• In Harm's Way: "Did you say haunted? Oh boy!"
  • Kid-Appeal Character: Word Of God says this is exactly why he was created. At the time, it worked to save the franchise. Since then, it's been famously disputed.
  • Knight of Cerebus: Either Played Straight or Inverted, depending on your view of the character. His continuation within the series past 1979 opened a brand new threshold for the monsters to become Real After All, but also forced the show to take a Denser and Wackier approach to everything.
  • Leeroy Jenkins: "Let me at 'em, I'll splat 'em!" Scooby prefers to run away, but Scrappy likes to charge in and yell at the monster.
  • Let Me at Him!: His Catch Phrase.
  • Mouthy Puppy: He is far more talkative than Scooby.
  • Nephewism: Scooby suddenly has a nephew. Scrappy often talks about "Uncle Scoob".
    • Lampshaded in the title sequence. Scooby's just as confused as the viewers.
  • Pint-Sized Powerhouse: He is able to lift Scooby and Shaggy with one hand.
  • Small Annoying Creature: The most that Scrappy can do is annoy the monster, because Scrappy is no real threat.
    • Some of his Scrappy-Traps do catch Shaggy and Scooby, so perhaps the monster would have been caught too had Shaggy and Scooby not gotten in the way.
  • Talking Animal: Lennie Weinrib in the first year, Don Messick afterward.
  • Shoo Outthe New Guy: Oh so much since the franchise's late-90's revival. One particular example – In Mystery Inc., Daphne stares at a life-sized statue of him, about to wax nostalgic before Fred stops her, saying, "We promised to never speak of him again. Ever."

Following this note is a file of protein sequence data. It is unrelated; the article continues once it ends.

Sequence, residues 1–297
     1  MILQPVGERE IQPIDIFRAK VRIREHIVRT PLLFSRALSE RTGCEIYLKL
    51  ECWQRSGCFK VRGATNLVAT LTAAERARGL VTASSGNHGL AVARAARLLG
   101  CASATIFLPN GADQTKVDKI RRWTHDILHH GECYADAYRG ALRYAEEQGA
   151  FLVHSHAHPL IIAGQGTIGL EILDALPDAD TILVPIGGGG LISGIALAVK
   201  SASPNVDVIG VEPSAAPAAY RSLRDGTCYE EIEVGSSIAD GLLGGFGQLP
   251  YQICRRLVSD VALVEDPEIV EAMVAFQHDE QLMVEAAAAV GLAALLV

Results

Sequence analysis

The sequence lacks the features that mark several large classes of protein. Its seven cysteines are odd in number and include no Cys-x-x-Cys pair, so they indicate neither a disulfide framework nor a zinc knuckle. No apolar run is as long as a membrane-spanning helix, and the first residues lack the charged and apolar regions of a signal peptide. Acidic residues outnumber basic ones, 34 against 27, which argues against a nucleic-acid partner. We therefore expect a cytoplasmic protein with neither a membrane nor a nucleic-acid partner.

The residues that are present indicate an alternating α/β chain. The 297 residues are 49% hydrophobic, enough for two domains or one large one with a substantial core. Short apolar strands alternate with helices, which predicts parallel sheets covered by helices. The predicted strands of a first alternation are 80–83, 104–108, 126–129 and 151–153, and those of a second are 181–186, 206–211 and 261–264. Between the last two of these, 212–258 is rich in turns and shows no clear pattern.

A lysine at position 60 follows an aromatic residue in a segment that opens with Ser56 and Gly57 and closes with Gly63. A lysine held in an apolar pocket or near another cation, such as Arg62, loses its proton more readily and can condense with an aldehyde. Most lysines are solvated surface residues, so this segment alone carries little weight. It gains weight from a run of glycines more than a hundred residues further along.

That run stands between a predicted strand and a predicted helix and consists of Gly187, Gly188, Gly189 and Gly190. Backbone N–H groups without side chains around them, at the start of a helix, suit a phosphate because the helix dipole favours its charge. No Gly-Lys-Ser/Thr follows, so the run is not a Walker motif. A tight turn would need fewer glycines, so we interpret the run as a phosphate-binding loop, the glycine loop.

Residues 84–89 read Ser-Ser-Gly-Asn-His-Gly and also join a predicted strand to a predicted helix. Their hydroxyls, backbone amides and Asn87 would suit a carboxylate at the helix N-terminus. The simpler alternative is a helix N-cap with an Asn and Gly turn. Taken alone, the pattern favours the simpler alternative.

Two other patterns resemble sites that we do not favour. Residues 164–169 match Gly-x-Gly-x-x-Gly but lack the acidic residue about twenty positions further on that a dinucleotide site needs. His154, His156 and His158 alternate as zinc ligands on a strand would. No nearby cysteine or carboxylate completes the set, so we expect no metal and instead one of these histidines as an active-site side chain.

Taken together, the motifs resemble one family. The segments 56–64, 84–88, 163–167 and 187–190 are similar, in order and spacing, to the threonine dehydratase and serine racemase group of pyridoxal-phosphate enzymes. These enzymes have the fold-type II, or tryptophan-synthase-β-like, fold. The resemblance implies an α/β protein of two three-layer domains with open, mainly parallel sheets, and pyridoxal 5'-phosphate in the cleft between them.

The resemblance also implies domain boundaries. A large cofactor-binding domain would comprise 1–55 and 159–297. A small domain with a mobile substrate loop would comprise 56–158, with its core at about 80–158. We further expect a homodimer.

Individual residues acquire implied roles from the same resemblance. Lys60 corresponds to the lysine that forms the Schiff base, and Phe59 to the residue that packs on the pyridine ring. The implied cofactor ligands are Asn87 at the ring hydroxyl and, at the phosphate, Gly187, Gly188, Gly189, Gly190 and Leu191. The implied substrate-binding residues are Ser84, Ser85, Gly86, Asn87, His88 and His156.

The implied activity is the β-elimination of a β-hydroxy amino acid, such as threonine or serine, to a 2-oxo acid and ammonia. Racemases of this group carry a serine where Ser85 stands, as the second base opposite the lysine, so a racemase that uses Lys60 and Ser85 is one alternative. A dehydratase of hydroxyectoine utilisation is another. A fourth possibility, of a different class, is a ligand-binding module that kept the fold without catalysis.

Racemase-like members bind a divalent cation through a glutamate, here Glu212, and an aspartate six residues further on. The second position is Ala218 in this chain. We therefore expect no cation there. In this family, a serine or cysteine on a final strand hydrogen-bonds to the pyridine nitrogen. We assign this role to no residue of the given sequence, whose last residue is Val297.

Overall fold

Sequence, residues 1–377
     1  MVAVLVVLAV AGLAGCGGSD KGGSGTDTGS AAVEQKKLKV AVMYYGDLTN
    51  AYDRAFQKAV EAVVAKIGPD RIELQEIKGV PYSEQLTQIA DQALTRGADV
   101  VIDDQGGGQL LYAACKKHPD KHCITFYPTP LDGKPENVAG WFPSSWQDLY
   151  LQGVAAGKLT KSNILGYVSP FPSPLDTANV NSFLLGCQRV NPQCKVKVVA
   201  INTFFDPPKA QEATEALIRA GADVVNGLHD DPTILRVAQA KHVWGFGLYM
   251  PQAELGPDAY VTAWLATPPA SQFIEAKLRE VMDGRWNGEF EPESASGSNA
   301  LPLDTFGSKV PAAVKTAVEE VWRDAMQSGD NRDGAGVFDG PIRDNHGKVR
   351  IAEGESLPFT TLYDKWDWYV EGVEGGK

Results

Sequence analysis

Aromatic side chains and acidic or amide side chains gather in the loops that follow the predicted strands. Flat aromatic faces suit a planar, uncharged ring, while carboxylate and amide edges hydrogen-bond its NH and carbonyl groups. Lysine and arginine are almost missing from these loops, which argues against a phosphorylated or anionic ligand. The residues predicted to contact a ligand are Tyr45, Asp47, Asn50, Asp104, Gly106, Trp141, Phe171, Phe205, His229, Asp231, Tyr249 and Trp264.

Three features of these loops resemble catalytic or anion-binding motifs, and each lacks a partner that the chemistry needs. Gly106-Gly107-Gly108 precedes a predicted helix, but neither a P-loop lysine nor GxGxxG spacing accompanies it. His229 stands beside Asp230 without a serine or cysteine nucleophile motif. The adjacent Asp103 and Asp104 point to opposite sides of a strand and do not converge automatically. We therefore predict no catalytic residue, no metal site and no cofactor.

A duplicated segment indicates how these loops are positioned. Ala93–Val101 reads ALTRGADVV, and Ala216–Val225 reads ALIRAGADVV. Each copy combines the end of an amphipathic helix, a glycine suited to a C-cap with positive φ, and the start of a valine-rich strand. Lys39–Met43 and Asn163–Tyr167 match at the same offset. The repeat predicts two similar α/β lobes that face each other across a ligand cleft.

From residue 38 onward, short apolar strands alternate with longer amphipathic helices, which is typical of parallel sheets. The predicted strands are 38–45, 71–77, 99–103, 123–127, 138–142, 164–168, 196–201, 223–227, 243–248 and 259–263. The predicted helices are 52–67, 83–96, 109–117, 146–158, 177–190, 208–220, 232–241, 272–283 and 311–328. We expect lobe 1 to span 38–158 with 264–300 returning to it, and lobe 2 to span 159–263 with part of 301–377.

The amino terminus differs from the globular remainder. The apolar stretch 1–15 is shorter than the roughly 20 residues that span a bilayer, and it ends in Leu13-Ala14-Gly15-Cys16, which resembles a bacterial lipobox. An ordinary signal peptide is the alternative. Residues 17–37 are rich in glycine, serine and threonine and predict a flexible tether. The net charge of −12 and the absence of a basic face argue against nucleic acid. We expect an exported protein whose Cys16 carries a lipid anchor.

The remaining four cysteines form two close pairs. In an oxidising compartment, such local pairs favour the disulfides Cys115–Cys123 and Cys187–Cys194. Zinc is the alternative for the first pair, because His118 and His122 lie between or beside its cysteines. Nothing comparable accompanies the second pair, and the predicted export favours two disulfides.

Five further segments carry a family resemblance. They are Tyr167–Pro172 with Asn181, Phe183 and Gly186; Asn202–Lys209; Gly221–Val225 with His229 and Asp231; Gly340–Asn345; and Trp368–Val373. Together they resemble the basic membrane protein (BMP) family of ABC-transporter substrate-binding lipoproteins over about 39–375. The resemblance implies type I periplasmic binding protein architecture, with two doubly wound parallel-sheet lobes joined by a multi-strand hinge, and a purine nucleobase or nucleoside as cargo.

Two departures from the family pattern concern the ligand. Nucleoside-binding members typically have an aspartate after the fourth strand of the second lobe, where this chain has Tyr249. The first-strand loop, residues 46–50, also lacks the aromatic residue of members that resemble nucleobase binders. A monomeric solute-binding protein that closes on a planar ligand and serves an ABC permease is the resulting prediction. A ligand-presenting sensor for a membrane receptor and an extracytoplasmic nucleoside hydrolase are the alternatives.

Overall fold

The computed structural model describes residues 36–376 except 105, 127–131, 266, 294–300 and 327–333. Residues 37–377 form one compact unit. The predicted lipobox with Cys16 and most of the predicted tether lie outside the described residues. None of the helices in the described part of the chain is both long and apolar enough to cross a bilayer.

Scooby-Dum

Voiced by Daws Butler

Scooby-Doo's cousin, who appeared during the series's early-80's retool. A grey Great Dane who definitely lives up to his name. Has not been seen or mentioned since the final iteration of the original series ended in the mid-80's.
  • Catch Phrase: "Dum dum dum DUM!" (from Ludwig van Beethoven's Fifth Symphony.)
  • Deep South: His speech was a (poor) approximation of that accent.
  • The Ditz / Dogs Are Dumb: Duh.
  • Fearless Fool: Played with. He's not fearless, as he can get scared, but most of the time he appears to be extremely brave, only because he's too dumb to realize he's in danger in the first place.
  • Meaningful Name: Just as dim-witted as his name implies.
  • Promotion to Opening Titles: Subverted. Scooby-Dum is featured in the opening sequence of the Scooby Doo Show, but only appears in four out of the forty total episodes.
  • Simpleton Voice
  • Talking Animal: Though he never has much interesting to say.
  • Toon Physics: Arguably even better at employing them than Scooby Doo. In "The Chiller Diller Movie Thriller," the gang are trapped in a tomb, so they stand on top of each other to reach the ceiling; they still can't reach. Scooby Dum, who is on the bottom, just pulled himself out from the bottom and climbed to the top, and since he can get away with that apparently because he doesn't know how gravity works, they escaped.

Flim-Flam McScam

Voiced by: Susan Blu

Flim-Flam joined the cast in The 13 Ghosts of Scooby-Doo. The only character who could POSSIBLY be more disliked then Scrappy.

Yabba-Doo

Scrappy's other uncle and Scooby's brother. Seen only in the Old West segments of the 1982–83 season.

Vincent Van Ghoul

The Hex Girls

Voiced by:
Thorn: Jennifer Hale
Dusk: Jane Wiedlin
Luna: Kimberly Brooks

An all-girl rock band with a Goth motif, extremely popular in the Scooby-verse. They first appeared in Scooby-Doo! and the Witch's Ghost, and have popped up from time to time since, including in Mystery Inc., where they inadvertently have a major impact on the main gang's character arcs.

    Monsters and Ghosts 

Alternative Title(s):

Scooby Doo Where Are You